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She was relieved to find no one there [in a church], because she hadn't formulated a coherent story as to why she was.

From: Still Alice

Words in bold are odd to me. What does as to mean here? Why is it why she was but not why she was there? Please elaborate it. Thank you.

  • Maybe "[...] a coherent story [explaining] why she was [in the church]". Like Absolute Beginner said, we need more context to be sure. – J. Siebeneichler Oct 24 '16 at 12:36
  • She was relieved to find no one there......as to why she was(there). – user5267 Oct 24 '16 at 12:38
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She was relieved to find no one there [in a church], because she hadn't formulated a coherent story as to why she was [there].

This is an example of not having to repeat an entire verb phrase in English. The idea is implied in the verb to be or for non-to be verbs by the helping verb. In the case of BE + at some place, the verb /was/ is used for /was there/

"He loved playing tennis but he didn't know if she did." did= [if she loved playing tennis] = an example not using the verb /to be/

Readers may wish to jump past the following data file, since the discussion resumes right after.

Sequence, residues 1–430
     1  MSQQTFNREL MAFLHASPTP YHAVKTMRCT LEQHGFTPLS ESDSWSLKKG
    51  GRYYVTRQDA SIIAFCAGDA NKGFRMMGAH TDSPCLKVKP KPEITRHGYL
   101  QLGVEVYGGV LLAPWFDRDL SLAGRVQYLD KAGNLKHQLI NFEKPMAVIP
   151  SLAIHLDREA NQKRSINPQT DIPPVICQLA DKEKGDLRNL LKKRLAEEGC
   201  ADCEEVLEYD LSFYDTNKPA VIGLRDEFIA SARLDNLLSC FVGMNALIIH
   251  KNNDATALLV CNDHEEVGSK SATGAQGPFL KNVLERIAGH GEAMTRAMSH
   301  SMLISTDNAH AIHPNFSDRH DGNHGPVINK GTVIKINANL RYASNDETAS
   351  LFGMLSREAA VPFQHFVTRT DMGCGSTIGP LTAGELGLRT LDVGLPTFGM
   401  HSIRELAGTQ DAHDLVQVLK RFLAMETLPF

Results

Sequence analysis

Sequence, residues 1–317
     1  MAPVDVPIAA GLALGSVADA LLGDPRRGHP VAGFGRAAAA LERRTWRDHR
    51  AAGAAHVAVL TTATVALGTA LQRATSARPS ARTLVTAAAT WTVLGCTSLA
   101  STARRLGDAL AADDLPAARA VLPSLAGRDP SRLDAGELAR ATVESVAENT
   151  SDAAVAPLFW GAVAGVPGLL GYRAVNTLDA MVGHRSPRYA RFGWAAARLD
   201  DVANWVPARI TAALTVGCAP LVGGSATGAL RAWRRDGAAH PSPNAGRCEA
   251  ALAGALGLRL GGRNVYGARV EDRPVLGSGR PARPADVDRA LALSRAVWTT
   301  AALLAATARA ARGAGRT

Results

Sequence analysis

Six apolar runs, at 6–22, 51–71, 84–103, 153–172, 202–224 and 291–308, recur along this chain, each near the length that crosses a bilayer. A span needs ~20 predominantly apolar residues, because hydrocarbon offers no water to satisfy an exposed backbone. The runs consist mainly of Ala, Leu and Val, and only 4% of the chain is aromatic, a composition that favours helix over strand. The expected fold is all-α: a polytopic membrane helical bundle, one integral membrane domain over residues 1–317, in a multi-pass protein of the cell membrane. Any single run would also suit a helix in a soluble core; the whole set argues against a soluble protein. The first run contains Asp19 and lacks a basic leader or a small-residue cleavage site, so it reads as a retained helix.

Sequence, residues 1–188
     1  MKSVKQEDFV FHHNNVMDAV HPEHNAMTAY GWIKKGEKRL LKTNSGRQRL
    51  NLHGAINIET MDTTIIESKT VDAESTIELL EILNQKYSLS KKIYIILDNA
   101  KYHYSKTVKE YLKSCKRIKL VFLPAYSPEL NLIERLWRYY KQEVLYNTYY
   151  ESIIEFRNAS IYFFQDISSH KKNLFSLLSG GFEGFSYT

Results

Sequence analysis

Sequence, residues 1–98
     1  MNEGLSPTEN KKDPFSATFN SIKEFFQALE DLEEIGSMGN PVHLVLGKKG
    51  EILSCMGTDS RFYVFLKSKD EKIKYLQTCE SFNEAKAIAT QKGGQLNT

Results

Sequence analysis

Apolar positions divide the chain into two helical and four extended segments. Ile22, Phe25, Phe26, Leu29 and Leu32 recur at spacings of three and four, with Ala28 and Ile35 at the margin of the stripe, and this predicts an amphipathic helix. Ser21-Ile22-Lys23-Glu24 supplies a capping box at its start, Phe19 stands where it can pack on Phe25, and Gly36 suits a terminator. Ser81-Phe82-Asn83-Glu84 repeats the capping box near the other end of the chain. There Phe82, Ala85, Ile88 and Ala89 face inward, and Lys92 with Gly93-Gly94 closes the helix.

"She was spending a lot of time studying but didn't think her boyfriend was". WAS=spending a lot of time studying.

"They'd been having fun for weeks but thought their friends weren't. weren't=weren't having fun

This is an important aspect of English to master if you want to speak it at a high level of competence.

as to means concerning or regarding.

  • I found the definition of "as to sth" on my dictionary yesterday, it said "used when you are referring to something", is this the correct explanation for the "as to" in my post? And thank you for your advice! – Jasmine Kuo Oct 25 '16 at 2:56
  • @JasmineKuo Yes, it is. But that sounds like a government bureaucracy. The best ending for the setence is: a story about WHY she was. – Lambie Oct 25 '16 at 13:42

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